News  ·  07 | 08 | 2023

Simone Bozzelli on the Symbolism in Patagonia

We sit down to talk about casting the actors and how Patagonia was born from personal experience.

© Claudia Sicuranza

Shot on 16mm in the countryside of Abruzzo, Italy, Patagonia, in the Concorso internazionale at Locarno76, marks the directorial debut of Simone Bozzelli, author of appreciated shorts such as Playtime, presented in 2021 at Locarno in the Pardi di domani section.


How did this debut come about after your short films?

Whenever I had an idea for a story, I always thought big to be a potential feature, but at the beginning it’s good to practice in a smaller dimension. Patagonia was born from a personal experience. Then, together with my screenwriter, we found narrative topics to develop the story of the film that could metaphorize that feeling.


Yours is a cinema of characters, of sensitivity. How did you work with the main character, who the camera is always very close to?

The part I like most about making a film, along with editing, is finding the actors. I went to the places with a casting director to look for these faces first and then these energies. I always like to mix professional and non-professional actors, to create an atmosphere in which I personally feel comfortable, made up of people with whom I want to spend time. The proximity with the camera to the characters was born from the low budget for the sets of the short films; So, the only thing I could do was bet everything on the actors, hide what was not "staged".


Does title Patagonia refer to a hope, to a possibility of getting out of a daily life that is limiting? How did that imagery and a song come about that comes back in the film and sings its praises?

The title Patagonia was born from that song, which was important to me in a relationship. But I liked the fact that it also became a geographical reference, not knowing anything about Patagonia, except that it is also called Tierra del Fuego, because when they discovered it, as they say in the film, there were big bonfires lit, because it's very cold there. I liked the idea of a place that is idealized by not knowing about it and for this reason it has no boundaries, even if it is maybe a cage. And that maybe you can feel good even in a cage.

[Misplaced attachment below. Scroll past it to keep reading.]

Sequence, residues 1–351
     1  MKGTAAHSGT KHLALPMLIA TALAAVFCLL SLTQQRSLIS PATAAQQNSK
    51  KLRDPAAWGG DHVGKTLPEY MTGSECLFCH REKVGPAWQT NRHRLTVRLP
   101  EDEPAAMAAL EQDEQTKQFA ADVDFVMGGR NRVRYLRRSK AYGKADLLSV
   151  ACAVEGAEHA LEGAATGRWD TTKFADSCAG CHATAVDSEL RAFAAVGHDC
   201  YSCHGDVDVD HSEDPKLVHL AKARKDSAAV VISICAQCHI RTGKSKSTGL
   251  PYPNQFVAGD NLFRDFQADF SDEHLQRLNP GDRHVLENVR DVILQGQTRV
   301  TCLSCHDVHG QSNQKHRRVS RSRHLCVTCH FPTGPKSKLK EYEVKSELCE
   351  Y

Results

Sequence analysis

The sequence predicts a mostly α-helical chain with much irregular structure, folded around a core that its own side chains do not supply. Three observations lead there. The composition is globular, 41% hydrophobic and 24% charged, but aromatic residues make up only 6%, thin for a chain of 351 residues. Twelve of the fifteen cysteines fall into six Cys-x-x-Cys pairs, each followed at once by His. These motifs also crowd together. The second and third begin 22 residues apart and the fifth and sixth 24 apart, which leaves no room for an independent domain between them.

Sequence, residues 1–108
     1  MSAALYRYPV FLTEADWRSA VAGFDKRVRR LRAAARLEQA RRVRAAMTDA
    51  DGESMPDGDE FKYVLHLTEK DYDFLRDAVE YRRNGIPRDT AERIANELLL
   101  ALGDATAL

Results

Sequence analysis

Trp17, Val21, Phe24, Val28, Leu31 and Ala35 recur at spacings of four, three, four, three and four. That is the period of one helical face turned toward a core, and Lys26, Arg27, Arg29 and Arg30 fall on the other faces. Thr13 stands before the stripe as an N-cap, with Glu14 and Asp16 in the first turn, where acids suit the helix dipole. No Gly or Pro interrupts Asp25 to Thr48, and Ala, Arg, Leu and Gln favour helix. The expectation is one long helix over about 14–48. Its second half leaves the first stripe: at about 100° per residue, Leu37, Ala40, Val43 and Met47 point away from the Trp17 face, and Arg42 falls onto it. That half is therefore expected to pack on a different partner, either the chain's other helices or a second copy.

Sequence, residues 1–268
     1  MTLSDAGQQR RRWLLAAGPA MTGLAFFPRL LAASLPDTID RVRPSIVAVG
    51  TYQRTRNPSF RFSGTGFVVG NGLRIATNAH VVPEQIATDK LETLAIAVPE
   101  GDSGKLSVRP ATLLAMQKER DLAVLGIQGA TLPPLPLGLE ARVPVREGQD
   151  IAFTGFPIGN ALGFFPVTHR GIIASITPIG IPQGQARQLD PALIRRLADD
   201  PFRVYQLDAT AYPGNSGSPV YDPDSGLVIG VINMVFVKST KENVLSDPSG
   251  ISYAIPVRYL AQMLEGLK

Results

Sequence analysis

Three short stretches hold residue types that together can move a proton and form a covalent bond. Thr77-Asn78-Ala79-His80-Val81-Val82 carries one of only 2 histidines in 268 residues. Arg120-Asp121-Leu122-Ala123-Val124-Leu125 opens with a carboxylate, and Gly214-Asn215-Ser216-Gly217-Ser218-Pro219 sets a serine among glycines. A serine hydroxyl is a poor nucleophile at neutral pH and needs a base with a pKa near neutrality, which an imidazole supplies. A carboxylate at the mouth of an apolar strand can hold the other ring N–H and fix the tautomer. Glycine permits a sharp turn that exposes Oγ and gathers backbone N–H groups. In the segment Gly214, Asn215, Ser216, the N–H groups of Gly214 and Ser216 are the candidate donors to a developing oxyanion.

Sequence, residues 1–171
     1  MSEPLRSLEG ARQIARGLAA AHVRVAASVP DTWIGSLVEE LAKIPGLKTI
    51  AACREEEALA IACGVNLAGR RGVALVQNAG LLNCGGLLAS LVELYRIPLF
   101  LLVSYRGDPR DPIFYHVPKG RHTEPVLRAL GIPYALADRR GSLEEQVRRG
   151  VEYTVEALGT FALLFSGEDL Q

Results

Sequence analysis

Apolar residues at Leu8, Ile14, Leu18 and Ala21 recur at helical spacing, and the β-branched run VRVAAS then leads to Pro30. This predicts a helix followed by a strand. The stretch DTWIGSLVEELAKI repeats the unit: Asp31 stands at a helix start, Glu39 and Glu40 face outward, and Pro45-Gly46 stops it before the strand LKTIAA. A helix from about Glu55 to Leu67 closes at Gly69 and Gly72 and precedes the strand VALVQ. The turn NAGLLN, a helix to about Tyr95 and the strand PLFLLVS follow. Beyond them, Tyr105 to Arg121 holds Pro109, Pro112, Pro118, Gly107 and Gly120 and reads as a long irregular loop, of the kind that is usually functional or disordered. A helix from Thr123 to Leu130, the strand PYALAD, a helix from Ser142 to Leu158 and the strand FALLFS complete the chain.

The camper in which the protagonist spends his days initially seems a place of freedom, but then it also becomes a cage.

The idea was to create a somewhat gypsy environment, made of campers and absence of roots, of a relationship or of a physical place that can be a home. Always maintaining a four-wheeled or emotional way out. I was interested in talking about a suffocating relationship in a totally anarchic place like a rave party, where everything is allowed and everyone is welcome. I liked this claustrophobic contrast.


There is a phrase that Yuri says: "I always feel punished, I never know what I did wrong". Can it represent a kind of manifesto of this character, of his almost unconscious marginality?

I like to tell characters who live the experience of falling in love or desire, but who collapse under the weight of love. Because they give the other complete power, even of their being good or bad. It is always dangerous, but for me always extremely fascinating, to see how far you can go.


In the film there’s a lot of symbolism, for example animals, to which Yuri approaches, perhaps so as not to have to communicate in words.

Even in my short films animals are very present. I have always had a great tenderness towards them. One of the earliest memories I have as a child is of classmates pricking a bark with pine needles to kill ants. I remember crying for a week after seeing the scene. I was destroyed by the fact that people, for fun, were hurting such a helpless being. Speaking of all this, I am reminded of what Yuri suffers and the tenderness I have towards him, but also of the other protagonist Augustine. There's a line from The White Ribbon, a movie I love very much, where one of the characters says, "You have to suffer so much to be so bad." Even behind that perfidy we can glimpse a suffering, and it is right to stage it, in a film that talks about this.


Mauro Donzelli